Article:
I teach a wide variety of topics, including gender and sexuality, LGBTQ identities and movements, cities, the environment, disability, and medicine. What unites my teaching, though, is a focus on social history: The history of “everyday people,” and how their actions, values, and the cultures they created shaped the world. Though I am primarily a historian of the 20th Century United States, the topics I teach often extend beyond those chronological and geographical borders, running the gamut from the 1700s to the present and across the world.
What I like most about teaching is learning with and from students. I don’t see teaching as a one-way street; in my classes, students are expected – required, actually – to be active participants in the learning process through large and small group discussions, writing and creative projects, and even sometimes leading portions of the class. We work together to analyze the meaning and significance of scholarship and primary sources, to identify, debate, and revise historical narratives, and to better understand the world and our place in it.
My forthcoming book, “Save Our Streets and Shelter Our Homeless,” analyzes how Americans in the 1980s came to understand homelessness as a crisis with the homeless person at its center. I show how the homeless crisis emerged as Americans came to understand “the homeless” as a new and alarming demographic in rapidly changing cities. The widespread and visible presence of “the homeless” disturbed the popular narrative of resurgent U.S. cities, and instead embodied rising economic inequality, the feminization of poverty, the criminalization of communities of color, and the deinstitutionalization of mental hospitals. The sight of people sleeping and begging on busy sidewalks and the scent of urine in the street became focal points for public unease, and conflicts over the spaces “the homeless” occupied were moments when the term – and the people it represented – became newly intelligible. In short, “the homeless” became a new demographic and cultural category in the 1980s; this book explains how and why that happened.
My future research will focus on the history of HIV and AIDS in the U.S. South from the 1980s to the present. I will examine how the AIDS epidemic unfolded in a region largely neglected by scholars, national activists, and the federal government. I am centrally interested in how Southerners – and especially African Americans, who continue to comprise a disproportionate percentage of the people diagnosed with HIV and AIDS – made sense of a disease popularly associated with white gay people in northern cities. This work will bring together histories of health and medicine and sexuality, and move discussions about race, religion, public policy, and activism in the South into the Reagan Era and beyond.
“Save Our Streets and Shelter Our Homeless”: The Origins of the Homeless Crisis in Urban America (forthcoming; under contract with University of North Carolina Press).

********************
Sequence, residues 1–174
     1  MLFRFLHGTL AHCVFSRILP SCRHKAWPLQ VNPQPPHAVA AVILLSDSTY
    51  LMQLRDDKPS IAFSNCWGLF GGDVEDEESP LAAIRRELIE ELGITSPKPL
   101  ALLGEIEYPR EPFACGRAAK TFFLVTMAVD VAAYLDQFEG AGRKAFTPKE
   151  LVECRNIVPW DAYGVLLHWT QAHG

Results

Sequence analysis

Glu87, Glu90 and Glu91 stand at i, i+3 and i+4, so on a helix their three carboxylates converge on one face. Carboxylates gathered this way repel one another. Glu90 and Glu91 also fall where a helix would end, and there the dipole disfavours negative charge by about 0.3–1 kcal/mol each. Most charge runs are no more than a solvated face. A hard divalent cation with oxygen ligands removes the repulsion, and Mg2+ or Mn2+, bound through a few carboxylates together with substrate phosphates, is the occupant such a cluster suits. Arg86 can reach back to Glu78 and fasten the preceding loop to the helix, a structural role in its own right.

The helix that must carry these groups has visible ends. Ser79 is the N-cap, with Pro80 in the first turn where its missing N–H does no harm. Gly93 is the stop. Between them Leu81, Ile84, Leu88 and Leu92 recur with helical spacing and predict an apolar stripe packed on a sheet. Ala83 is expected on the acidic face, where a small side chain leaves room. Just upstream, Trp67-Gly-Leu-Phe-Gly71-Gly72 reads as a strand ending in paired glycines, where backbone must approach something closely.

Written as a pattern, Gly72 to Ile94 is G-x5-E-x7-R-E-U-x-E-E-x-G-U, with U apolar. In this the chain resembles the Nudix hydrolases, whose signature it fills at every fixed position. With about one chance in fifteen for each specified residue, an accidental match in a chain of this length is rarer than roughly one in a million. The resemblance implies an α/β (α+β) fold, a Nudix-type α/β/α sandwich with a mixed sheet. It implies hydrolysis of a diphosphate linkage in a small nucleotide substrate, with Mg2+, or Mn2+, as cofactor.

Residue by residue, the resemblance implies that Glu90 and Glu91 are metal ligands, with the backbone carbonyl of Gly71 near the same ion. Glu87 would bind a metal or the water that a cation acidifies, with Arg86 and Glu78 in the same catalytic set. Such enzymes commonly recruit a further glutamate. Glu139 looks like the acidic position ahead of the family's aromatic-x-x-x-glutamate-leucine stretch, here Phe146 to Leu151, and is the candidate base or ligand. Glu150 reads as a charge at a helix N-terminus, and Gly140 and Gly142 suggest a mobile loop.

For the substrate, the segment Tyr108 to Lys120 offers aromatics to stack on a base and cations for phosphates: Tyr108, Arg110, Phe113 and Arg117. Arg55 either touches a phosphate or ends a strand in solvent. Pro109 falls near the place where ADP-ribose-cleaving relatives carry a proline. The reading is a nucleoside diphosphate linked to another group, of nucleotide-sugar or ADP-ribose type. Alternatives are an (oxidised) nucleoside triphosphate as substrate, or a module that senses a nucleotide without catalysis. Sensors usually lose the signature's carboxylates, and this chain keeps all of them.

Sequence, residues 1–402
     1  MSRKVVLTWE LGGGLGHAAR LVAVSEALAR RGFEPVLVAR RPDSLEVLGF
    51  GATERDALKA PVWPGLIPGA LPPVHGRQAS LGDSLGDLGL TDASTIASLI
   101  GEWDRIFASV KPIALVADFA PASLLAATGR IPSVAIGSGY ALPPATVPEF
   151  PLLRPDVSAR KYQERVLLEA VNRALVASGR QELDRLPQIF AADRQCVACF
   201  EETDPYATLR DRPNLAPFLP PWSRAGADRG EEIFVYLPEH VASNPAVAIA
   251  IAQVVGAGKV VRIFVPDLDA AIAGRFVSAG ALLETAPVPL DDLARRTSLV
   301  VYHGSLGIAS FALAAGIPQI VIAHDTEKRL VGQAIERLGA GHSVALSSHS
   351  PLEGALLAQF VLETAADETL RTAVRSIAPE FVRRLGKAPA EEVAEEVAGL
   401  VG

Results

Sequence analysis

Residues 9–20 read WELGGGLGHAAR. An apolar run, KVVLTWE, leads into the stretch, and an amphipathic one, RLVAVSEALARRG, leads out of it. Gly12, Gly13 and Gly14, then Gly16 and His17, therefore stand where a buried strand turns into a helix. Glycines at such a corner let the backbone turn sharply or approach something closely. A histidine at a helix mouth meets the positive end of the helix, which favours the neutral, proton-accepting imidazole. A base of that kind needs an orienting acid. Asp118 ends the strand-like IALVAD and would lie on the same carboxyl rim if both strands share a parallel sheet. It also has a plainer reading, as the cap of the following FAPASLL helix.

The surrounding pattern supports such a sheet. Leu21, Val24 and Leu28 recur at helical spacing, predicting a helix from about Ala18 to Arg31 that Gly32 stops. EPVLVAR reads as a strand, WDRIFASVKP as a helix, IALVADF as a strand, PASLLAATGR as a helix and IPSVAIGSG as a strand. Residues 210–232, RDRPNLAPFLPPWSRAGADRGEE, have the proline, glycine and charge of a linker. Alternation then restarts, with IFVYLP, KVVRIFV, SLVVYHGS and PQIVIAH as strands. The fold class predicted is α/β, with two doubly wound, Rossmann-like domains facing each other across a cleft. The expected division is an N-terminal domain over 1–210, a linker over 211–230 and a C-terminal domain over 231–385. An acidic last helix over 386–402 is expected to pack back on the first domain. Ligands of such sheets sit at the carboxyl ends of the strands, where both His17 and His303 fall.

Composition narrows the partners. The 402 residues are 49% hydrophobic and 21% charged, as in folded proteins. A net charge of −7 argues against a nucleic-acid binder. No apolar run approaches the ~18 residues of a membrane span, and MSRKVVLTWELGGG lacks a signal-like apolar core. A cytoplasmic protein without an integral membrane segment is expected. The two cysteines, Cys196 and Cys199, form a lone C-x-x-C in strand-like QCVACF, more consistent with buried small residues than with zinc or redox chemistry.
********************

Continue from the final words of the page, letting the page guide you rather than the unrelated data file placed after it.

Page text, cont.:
“Homelessness and the Politics of Anti-Shelter Protests in New York City,” Journal of Urban History (2017).
Review of Homelessness in New York City: Policymaking from Koch to de Blasio, by Thomas J. Main, and Family Poverty and Homelessness in New York City, by Ralph da Costa Nunez and Ethan G. Sribnick, Reviews in American History (2017).
“‘The Authentic Homeless’: Neighborhood Groups and the Struggle for Affordable Housing on the Lower East Side, 1988-1991,” Urban History Association biennial conference, Chicago, IL, October 13-16, 2016.
“Homeless Shelters, Neighborhood Protests, and the Changing Spatial Politics of 1980s New York City,” Organization of American Historians annual conference, Atlanta, GA, April 10-13, 2014.
“‘Where Misery is a Way of Life’: Homeless Families and the Welfare Hotel Scandals of the 1980s,” Urban History Association biennial conference, New York, NY, October 27, 2012.
“Derelict Bodies: Protesting the Homeless in New York City, 1981-1982,” Conference of the Program for Gender and Women’s History, Madison, Wisconsin, March 16, 2012.
“‘I Was A Political Prisoner’: Joyce Brown, Mental Illness, and the Civil Liberties of the Homeless,” Newberry Library, Chicago, Illinois, May 5, 2012.
“‘I Found Christopher Street…And Then I Just Kept Walking’: Community and Contested Space on the Greenwich Village Piers, 1970-2001,” Urban History Association biennial conference, Houston, Texas, November 8, 2008.
“Fenced OUT: Race, Class, Sexuality and Surveillance on Manhattan’s Hudson Riverfront,” Association for Asian American Studies conference, New York, New York, April 6, 2007.
“Doing Queer History in the Archives,” MARBOut LGBTQ History Month, Kennesaw State University, October 26, 2016.
“United in Anger: A History of ACT UP Screening and Talk-Back Session,” Zuckerman Museum of Art, Kennesaw State University, March 29, 2016.
“Pee Politics: Creating Safe and Accessible Restrooms at KSU,” Gender and Women’s Studies Department, Kennesaw State University, November 2, 2015.
“‘Because We Are Homeless’: Homeless Mothers’ Activism and Family Homelessness in the 1980s,” Kennesaw State University, April 13, 2015.
“Preferred Gender Pronouns and Trans-Inclusive Teaching,” Provost’s Initiative for Faculty Development, Oklahoma State University, October 2, 2014.
Ph.D., University of Wisconsin-Madison, 2014
M.A., University of Wisconsin-Madison, 2008
B.A., Barnard College, 2004